To get around a military ban on hiring contractors as spies, a Pentagon report says that Furlong’s team called its activities atmospheric information rather than intelligence.

Furlong, now the subject of a criminal investigation by the Pentagon’s inspector general, was accused in the Pentagon report of carrying out unauthorized intelligence-gathering and misleading senior military officers about it.

It is difficult to assess the merits of Clarridge’s secret intelligence dispatches; a review of some of the documents by The Times shows that some appear to be based on rumors from talk at village bazaars or rehashes of news reports.

Others, though, contain specific details about militant plans to attack U.S. troops and about Taliban leadership meetings in Pakistan. Clarridge gave the military an in-depth report about the Haqqani militant group in August 2009, a document that officials said helped the military track Haqqani fighters.

When the military wouldn’t listen to him, Clarridge found other ways to peddle his information. For instance, his private spies in April and May were reporting that Mullah Muhammad Omar, leader of the Afghan Taliban, had been caught by Pakistani officials and put under house arrest. Both military and intelligence officials said the allegation couldn’t be corroborated, but Clarridge used back channels to pass it on to senior Obama administration officials. And associates said that Clarridge, determined to make the allegations public, arranged for it to get to Thor, a regular guest on Beck’s program on Fox News.

Taking aim in Afghanistan

Clarridge and his spy network also took sides in a battle over Ahmed Wali Karzai, head of the Kandahar Provincial Council. For years, the U.S. military has believed that Ahmed Wali Karzai plays a central role in Afghan corruption, though he denies any links to drug trafficking.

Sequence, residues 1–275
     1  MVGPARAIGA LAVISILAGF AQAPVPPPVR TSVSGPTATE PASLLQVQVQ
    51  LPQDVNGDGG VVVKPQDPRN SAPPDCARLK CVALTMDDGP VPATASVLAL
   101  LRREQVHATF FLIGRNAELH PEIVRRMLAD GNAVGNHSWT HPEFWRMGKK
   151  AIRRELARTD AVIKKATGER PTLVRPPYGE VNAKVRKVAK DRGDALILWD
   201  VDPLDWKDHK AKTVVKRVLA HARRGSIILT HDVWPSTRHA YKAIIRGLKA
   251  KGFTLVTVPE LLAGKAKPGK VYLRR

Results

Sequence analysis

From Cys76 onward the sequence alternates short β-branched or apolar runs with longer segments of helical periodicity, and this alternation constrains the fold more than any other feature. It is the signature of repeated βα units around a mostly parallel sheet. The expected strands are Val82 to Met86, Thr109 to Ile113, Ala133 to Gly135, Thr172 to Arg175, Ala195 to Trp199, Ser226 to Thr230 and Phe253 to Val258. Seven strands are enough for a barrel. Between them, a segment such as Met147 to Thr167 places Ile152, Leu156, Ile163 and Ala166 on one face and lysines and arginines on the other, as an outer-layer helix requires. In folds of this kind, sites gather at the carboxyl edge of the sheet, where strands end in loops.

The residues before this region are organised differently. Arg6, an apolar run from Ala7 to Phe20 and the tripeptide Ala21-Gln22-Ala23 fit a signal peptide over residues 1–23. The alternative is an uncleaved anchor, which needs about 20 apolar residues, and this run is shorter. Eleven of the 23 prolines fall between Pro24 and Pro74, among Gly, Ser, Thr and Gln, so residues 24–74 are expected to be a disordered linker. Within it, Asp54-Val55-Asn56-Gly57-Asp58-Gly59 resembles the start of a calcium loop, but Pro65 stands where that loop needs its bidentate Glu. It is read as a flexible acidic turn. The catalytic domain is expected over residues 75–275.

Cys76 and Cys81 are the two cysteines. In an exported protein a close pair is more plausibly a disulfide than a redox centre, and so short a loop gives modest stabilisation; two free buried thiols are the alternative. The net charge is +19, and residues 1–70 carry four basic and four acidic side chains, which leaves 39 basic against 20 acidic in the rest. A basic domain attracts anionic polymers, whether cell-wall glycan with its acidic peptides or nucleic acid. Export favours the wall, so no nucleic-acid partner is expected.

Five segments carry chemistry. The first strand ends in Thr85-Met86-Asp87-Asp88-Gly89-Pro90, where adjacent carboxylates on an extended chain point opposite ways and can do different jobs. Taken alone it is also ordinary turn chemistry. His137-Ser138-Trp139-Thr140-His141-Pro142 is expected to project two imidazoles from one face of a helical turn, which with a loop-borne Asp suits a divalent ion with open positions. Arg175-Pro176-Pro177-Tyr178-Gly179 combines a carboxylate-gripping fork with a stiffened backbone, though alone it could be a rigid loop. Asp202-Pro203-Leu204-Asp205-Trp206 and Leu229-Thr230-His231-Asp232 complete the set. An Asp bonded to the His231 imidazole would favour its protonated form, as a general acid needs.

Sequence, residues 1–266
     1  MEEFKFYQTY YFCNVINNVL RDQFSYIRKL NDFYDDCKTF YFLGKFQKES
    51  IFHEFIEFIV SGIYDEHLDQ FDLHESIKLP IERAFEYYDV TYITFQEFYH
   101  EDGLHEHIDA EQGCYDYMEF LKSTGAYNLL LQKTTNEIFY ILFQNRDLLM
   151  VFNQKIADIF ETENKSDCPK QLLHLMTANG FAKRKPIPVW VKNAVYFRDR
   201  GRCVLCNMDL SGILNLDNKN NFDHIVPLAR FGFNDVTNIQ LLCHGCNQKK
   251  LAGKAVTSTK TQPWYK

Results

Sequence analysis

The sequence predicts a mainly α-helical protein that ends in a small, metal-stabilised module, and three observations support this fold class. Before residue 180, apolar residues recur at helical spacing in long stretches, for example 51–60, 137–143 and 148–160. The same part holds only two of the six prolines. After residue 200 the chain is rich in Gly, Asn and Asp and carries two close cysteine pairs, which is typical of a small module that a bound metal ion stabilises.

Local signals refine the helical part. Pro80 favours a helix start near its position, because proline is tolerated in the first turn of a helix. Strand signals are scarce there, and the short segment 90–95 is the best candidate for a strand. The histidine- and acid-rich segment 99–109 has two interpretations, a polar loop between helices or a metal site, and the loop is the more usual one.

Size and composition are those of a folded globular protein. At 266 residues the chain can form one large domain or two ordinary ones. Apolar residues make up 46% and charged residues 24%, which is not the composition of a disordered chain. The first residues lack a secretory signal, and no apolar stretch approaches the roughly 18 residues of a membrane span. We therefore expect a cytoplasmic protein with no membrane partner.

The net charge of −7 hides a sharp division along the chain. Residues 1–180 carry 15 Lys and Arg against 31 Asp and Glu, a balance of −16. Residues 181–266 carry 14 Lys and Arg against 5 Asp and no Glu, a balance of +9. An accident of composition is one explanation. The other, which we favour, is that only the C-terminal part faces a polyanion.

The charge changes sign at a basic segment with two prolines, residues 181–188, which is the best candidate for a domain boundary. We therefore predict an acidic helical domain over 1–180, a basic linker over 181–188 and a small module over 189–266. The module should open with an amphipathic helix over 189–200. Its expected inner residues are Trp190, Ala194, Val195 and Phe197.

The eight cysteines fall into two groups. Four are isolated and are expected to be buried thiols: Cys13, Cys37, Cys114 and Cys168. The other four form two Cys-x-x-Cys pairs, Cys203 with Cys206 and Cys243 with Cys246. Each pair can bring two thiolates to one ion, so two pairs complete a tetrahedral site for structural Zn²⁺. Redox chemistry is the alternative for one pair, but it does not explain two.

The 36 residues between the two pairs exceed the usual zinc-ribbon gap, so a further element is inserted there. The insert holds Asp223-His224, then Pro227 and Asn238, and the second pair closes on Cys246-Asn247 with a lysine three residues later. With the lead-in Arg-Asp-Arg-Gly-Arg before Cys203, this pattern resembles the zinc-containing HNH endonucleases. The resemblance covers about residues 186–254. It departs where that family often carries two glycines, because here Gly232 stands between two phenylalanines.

In early 2010, Clarridge helped produce a dossier for U.S. military commanders detailing allegations about the Afghan official’s drug connections, land grabs and even murders. The document speculates that Ahmed Wali Karzai’s ties to the CIA — which has paid him an undetermined amount of money since 2001 — might be the reason the agency “is the only member of the country team in Kabul not to advocate taking a more active stance against AWK.”

Ultimately, the military couldn’t amass enough proof to convince other U.S. officials of his reputed crimes and backed off efforts to remove him from power.

There have long been rumors that Hamid Karzai uses drugs, in part because of his often erratic behavior. U.S. officials have said publicly that there is no evidence to support the allegation.

Clarridge pushed a plan to prove that the president was a heroin addict and then confront him with the evidence to ensure that he became a more pliable ally. Clarridge proposed various ideas, according to several associates, such as trying to find a way to collect Hamid Karzai’s beard trimmings and test them. He dropped his ideas when the Obama administration signaled that it was committed to Karzai’s government.

But Clarridge, his associates say, continues to dream up operations against the Afghan leader and his inner circle.

When he was an official spy, Clarridge recalled in his 1997 memoir, he bristled at the CIA’s bureaucracy for thwarting his plans to do maximum harm to America’s enemies. “It’s not like I’m running my own private CIA,” he wrote, “and can do what I want.”

End article I found on this interesting source: There Are No Sunglasses here

Duane Clarridge Clarridge, Duane R. ("Dewey"), with Digby Diehl. A Spy for All Seasons: My Life in the CIA. New York: Scribner's, 1997. A fair review here

Duane R. Clarridge - SourceWatch here


New York Times, "he has fielded operatives in the mountains of Pakistan" and keeps in touch with his agents by way of email (He Never Left) Former CIA agent Duane Clarridge, who was indicted in 1991 in connection with the Iran-Contra affair, has reemerged in Pakistan here



  2. As an excellent researcher/journalist said a few days ago: "It is important to find out who those guys were killed by Davis but there are far more critical questions as I have written in the Tribune"